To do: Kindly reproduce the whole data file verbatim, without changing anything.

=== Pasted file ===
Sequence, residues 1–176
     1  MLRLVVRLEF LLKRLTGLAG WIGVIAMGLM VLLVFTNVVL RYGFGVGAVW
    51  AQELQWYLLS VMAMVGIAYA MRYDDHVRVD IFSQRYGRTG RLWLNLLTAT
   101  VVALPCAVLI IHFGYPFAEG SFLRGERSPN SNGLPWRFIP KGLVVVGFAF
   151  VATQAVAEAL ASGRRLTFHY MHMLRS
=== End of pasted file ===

Sequence, residues 1–176
     1  MLRLVVRLEF LLKRLTGLAG WIGVIAMGLM VLLVFTNVVL RYGFGVGAVW
    51  AQELQWYLLS VMAMVGIAYA MRYDDHVRVD IFSQRYGRTG RLWLNLLTAT
   101  VVALPCAVLI IHFGYPFAEG SFLRGERSPN SNGLPWRFIP KGLVVVGFAF
   151  VATQAVAEAL ASGRRLTFHY MHMLRS